Is Japan's tsunami linked to climate change?

mongabay.com
March 11, 2011



Could the earthquake that triggered Japan's devastating tsunami be linked to climate change?

The short answer is probably not, but recent research suggests that changing climate has the potential to influence earthquakes in some parts of the world

Scientists have shown that weight shifts caused by melting glaciers can trigger tectonic activity. As ice melts and waters runs off, tremendous amounts of weight are lifted off Earth's crust. As the newly freed crust settles back to its original, pre-glacier shape, it can cause seismic plates to slip and stimulate volcanic activity, according to research into prehistoric earthquakes and volcanic activity.


Approaching tsunami in Japan. Photo courtesy of Reuters.

Map of the Senadai Earthquake
Map of the Senadai Earthquake 2011
Analyzing an 800,000-year record of volcanic activity in eastern California, Allen Glazner, a University of North Carolina-Chapel Hill geoscientist, found evidence that "peaks of volcanic activity occurred when ice was retreating globally," as told to the Wall Street Jorunal's Sharon Begley in 2006. "At first I thought it was crazy, but other scientists also found evidence that climate affects volcanism."

With Earth's glaciers and ice gaps melting at increasing rates due to climate change, it is conceivable that we could see further impact from "isostatic rebound" in the Earth's crust. Work by Patrick Wu, a professor of geophysics of the University of Calgary, suggests that past disappearance of ice "may still be contributing to quakes in eastern Canada."

"The pressure of the ice sheet suppresses earthquakes, so removing that load triggers them," Wu told Begley. "Present-day earthquakes may have their origin in postglacial rebound."

Bill McGuire, professor of Geophysical Hazards at University College, spelled out the scenario further in a 2006 article in New Scientist, titled "Climate change: Tearing the Earth apart?"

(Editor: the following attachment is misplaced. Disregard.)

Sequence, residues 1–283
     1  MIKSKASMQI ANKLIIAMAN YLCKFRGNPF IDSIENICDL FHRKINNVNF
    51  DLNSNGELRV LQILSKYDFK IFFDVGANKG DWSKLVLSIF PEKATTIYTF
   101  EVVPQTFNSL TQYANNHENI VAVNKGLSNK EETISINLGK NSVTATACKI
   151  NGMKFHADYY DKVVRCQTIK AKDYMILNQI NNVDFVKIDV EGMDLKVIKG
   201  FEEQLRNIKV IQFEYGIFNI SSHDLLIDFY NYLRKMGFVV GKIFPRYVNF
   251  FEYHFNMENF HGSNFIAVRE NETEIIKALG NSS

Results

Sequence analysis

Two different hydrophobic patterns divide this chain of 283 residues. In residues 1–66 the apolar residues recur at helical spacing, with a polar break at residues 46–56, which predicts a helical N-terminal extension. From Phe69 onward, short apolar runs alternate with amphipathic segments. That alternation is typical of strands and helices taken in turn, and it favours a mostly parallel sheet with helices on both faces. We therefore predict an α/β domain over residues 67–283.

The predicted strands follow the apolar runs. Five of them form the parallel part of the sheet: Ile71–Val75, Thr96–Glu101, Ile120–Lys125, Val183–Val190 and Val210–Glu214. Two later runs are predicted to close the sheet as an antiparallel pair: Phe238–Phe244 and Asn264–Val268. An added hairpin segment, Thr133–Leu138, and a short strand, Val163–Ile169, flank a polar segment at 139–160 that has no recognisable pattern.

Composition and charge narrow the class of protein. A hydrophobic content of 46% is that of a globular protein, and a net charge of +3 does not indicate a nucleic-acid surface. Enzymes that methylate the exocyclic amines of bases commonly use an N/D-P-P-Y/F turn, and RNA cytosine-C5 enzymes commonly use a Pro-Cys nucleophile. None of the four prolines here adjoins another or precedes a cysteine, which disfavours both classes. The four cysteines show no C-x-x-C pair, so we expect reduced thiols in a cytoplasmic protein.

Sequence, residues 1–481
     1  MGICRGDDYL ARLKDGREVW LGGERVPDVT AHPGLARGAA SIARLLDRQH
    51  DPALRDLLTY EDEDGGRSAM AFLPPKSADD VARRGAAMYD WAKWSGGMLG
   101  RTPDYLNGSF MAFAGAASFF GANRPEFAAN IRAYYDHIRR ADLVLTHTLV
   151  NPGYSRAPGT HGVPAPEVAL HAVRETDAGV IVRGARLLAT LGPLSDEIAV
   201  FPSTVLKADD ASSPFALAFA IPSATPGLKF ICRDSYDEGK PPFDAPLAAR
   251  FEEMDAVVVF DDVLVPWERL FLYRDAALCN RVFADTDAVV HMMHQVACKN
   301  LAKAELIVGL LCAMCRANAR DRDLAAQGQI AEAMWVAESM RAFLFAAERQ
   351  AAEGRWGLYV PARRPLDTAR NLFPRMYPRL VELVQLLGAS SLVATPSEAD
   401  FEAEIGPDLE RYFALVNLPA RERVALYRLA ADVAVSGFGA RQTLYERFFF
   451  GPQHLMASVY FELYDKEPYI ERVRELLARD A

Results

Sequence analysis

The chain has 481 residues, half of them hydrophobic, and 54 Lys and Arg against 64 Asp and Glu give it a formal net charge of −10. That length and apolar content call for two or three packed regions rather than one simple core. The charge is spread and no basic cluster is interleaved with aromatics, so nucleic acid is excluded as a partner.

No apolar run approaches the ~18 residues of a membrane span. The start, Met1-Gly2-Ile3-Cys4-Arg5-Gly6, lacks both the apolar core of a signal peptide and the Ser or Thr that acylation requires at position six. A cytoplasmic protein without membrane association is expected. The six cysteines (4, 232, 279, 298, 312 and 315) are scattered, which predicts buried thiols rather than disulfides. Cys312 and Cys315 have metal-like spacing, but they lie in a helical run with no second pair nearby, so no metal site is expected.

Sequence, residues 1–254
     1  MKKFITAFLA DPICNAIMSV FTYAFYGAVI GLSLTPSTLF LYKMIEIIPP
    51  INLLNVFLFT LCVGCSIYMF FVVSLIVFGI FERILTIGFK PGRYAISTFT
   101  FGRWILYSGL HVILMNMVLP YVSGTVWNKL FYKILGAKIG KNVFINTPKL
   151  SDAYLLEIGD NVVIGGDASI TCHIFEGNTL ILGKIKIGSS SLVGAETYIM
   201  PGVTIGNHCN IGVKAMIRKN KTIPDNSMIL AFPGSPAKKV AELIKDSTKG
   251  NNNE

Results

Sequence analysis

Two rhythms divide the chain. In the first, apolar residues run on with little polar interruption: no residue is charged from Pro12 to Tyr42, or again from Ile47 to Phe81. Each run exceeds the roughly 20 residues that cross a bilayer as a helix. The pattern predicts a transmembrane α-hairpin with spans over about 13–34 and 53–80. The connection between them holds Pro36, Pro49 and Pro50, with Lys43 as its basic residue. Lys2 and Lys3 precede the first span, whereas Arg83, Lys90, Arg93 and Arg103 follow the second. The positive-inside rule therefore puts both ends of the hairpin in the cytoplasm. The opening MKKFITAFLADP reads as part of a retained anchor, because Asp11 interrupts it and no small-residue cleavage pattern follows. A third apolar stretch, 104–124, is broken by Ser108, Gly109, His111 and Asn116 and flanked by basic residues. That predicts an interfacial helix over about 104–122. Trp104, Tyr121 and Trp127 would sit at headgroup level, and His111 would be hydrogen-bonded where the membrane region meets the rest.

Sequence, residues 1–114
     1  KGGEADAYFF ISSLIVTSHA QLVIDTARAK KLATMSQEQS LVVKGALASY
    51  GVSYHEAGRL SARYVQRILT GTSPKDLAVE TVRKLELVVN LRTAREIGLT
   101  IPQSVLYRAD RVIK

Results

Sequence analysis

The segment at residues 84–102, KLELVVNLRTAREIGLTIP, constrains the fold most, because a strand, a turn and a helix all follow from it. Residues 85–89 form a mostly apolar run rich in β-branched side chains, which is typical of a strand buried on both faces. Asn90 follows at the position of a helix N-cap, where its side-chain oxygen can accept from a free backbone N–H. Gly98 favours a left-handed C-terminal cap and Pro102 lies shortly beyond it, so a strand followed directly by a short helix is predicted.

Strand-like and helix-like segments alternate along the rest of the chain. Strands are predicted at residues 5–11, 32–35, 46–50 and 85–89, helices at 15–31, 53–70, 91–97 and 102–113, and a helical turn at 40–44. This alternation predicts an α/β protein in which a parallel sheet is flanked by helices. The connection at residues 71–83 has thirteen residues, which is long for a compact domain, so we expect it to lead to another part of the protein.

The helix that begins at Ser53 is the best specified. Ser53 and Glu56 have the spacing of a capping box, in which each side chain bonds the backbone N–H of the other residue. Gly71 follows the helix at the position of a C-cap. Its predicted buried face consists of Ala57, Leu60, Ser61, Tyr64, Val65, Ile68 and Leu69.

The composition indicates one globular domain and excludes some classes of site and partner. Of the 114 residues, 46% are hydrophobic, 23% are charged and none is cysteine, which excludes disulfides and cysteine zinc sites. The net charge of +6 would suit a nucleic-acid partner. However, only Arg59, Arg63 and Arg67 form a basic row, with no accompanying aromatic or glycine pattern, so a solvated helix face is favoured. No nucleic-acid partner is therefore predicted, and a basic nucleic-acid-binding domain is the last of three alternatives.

"It shouldn't come as a surprise that the loading and unloading of the Earth's crust by ice or water can trigger seismic and volcanic activity and even landslides. Dumping the weight of a kilometer-thick ice sheet onto a continent or removing a deep column of water from the ocean floor will inevitably affect the stresses and strains on the underlying rock," he wrote. "[While] not every volcanic eruption and earthquake in the years to come will have a climate-change link... [As] the century progresses we should not be surprised by more geological disasters as a direct and indirect result of dramatic changes to our environment."

Japan's quake

Japan lies in one of the world's most seismically active areas between four major continental and oceanic plates: the Pacific Plate, Philippine Plate, Eurasian Plate and North American Plate. The country accounts for roughly 20 percent of the world's earthquakes of magnitude 6 or bigger. It has also suffered from more than 200 tsunamis (tsunami is a Japanese word).

Nevertheless the March 11, 2011 quake had a devastating impact. The 8.9-magnitude earthquake was centered 130 kilometers (81 mi) east of Sendai, Honshu, Japan, or 373 kilometers (232 mi) from Tokyo, according to the United States Geological Survey. It generated a tsunami that caused waves of up to 10 meters to swamp coastal areas of eastern Japan. Thousands were feared dead in the immediate aftermath of the quake and tsunami.

The earthquake was the strongest on record for Japan and one of the world's five most powerful earthquakes since modern seismological record-keeping began.















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mongabay.com (March 11, 2011).

Is Japan's tsunami linked to climate change?.

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